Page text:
Climate change wreaks havoc on California tourism, what’s wrong with banquette seating, and nine international hotel brands join the Red Sea Project. All that and more in this week’s Five on Friday.

Will banquette seating soon be faux pas?

Mimi Kakushi in Dubai; photo by Pirajean Lees

In “Ban the Banquette,” Eater reporter Terrence Doyle makes a strong argument against the intimate L- or U-shaped seating arrangements many dining establishments embrace. While banquettes strive to be a cozy option that allow groups of diners to easily interact, Doyle points out in the piece that these arrangements are often inaccessible to wheelchair users and people with other disabilities. “Even if logistics can be shuffled around to allow a wheelchair user to post up on the outside edge of a banquette, most banquette tables are too high for wheelchair users, and many lack any real storage for canes, crutches, or walkers,” he writes. Plus, the closeness creates a claustrophobic aspect that may be uncomfortable—or even anxiety inducing—for those seated in the center of a large party.


Tour operator expands into the hotel market

Drifter – an Intrepid Hotel Christchurch, shown in a rendering

Australia-based companies Intrepid Travel has partnered with Drifter Hospitality Group to launch 15 hotels by 2025. According to Skift, the new venture will convert distressed real estate assets into hybrid hotel/hostels geared toward millennial travelers. To align with Intrepid Travel’s standards, each of the Drifter – an Intrepid Hotel-branded properties will be carbon neutral and employ sustainable practice across design, amenities, and services. The group has amassed approximately $56 million to target hotels in Australia and New Zealand, and plans to raise a total of roughly $375 million to expand its reach throughout the Asia-Pacific region. The first hotels are slated to open in 2022 in three New Zealand cities: Auckland, Wellington, and Christchurch.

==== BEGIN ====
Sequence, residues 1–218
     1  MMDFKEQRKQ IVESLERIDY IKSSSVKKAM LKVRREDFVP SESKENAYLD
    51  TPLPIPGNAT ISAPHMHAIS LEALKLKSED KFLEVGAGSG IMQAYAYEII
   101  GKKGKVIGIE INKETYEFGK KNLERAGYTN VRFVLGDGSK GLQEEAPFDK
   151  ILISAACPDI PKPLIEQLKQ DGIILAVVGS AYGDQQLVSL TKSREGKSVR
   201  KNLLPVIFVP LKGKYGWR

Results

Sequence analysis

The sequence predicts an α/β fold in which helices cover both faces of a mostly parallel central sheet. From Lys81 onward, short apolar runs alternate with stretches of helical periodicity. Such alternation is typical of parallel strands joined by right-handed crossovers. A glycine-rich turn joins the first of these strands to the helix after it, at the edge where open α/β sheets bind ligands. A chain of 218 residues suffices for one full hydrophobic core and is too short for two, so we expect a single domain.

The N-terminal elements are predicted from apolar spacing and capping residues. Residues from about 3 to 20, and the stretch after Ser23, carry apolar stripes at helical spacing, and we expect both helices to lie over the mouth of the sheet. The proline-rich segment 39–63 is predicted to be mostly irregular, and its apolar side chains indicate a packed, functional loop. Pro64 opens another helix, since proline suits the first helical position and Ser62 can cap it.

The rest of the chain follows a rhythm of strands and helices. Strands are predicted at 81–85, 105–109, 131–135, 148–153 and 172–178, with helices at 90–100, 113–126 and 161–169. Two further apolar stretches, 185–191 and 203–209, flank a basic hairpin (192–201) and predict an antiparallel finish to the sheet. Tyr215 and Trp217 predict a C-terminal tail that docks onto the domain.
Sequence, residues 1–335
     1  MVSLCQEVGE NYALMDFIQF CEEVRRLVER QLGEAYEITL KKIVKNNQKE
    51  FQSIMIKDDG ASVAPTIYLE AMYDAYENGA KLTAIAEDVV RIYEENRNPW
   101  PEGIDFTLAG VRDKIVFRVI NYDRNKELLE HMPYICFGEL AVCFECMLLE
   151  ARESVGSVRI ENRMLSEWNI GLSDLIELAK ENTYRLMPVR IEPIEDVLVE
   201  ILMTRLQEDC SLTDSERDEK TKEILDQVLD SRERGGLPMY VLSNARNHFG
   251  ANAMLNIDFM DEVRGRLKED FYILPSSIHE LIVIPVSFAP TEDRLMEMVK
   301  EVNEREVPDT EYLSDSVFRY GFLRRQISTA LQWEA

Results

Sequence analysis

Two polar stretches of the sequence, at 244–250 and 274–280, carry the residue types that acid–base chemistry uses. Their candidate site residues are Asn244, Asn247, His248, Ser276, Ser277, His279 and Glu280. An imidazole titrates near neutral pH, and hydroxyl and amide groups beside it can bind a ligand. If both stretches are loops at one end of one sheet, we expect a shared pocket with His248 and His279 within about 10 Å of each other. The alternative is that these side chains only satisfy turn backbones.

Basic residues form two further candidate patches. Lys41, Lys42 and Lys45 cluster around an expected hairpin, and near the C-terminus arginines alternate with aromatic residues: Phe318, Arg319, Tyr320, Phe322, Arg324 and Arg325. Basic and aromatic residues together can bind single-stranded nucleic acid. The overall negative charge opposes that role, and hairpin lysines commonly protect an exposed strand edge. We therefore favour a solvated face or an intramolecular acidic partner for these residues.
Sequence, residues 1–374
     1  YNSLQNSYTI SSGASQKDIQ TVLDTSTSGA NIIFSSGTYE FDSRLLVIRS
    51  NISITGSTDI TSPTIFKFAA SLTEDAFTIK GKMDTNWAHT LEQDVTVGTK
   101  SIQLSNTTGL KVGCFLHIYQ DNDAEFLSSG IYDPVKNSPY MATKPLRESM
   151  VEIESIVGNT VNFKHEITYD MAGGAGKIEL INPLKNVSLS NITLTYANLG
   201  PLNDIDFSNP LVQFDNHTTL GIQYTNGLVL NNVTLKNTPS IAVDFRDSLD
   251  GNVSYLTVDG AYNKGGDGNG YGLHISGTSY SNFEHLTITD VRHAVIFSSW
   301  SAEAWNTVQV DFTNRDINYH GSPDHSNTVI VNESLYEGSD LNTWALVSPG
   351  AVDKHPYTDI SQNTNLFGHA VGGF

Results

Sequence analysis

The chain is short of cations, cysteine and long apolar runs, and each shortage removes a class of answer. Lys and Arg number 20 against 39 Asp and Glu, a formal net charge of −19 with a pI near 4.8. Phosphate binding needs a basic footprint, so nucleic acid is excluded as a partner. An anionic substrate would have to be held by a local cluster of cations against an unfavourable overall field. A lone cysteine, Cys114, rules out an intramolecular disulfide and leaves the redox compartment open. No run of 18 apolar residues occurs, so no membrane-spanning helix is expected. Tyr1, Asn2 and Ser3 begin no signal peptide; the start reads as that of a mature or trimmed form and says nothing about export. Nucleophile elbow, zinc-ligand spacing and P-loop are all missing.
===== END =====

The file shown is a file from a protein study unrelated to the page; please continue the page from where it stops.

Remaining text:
Nine hotel brands sign on to Saudi Arabia’s Red Sea Project

Designed by Kengo Kuma & Associates, the St. Regis Red Sea Resort will comprise 90 keys

The Red Sea Development Company (TRSDC)—the organization helming the behemoth luxury tourism destination situated on Saudi Arabia’s west coast—announced partnerships with nine international hotel brands that will operate properties set in phase one of the Red Sea Project, which is part of the country’s Vision 2030 plan. The brands include EDITION, Fairmont, Grand Hyatt, IHG, Jumeirah, Raffles, Six Senses, SLS, and St. Regis. A total of 16 hotels are expected to be operational by the end of 2023, reports Yahoo Finance. “Hospitality is the anchor of the Red Sea Project,” says TRSDC chief financial officer Jay Rosen. “We are determined to create a world-class luxury destination and the hotel brands we partner with play a crucial role in delivering on this ambition. Our partnerships are cemented through a collaborative framework that emphasize synchronicity between all brands.”


California tourism may be forever changed by global warming

From the Coachella Music Festival in April to the Napa Valley wine region, California’s most lauded destinations are facing new challenges due to unpredictable weather conditions and increasing temperatures. Wildfires consumed 4.2 million acres of the state in 2020, including roughly 42 percent of Napa County, according to the New York Times. Less snow also means shorter ski seasons, and residual smoke from wildfires disrupts even visitors to areas that are not burning. Despite these factors and lost revenue, however, many in the hospitality industry are slow to accept the potentially inevitable. As Dr. Daniel Scott of the University of Waterloo puts it: “Tourism in California is going to need some serious innovation. Good thing you’ve got Silicon Valley.”


Join us for Platinum Circle 2021

The Neri&Hu-designed Fuzhou Teahouse; photo by Hao Chen

Just two weeks left until the Platinum Circle Awards gala 2021! Tickets are still available for the 32nd annual event, presented by Hospitality Design. This year’s group of industry leaders, including designers, architects, and hoteliers, will be honored on Friday, November 12th at Cipriani 25 Broadway in New York. The evening will celebrate the careers of EDG Design president and CEO Jennifer Johanson, Neri&Hu partners Lyndon Neri and Rossana Hu, senior vice president of global design services for Hilton Larry Traxler, and Ace Hotel Group and Atelier Ace president and co-partner Brad Wilson. Click here to purchase tickets today.

The post Five on Friday: October 29th, 2021 appeared first on Hospitality Design.



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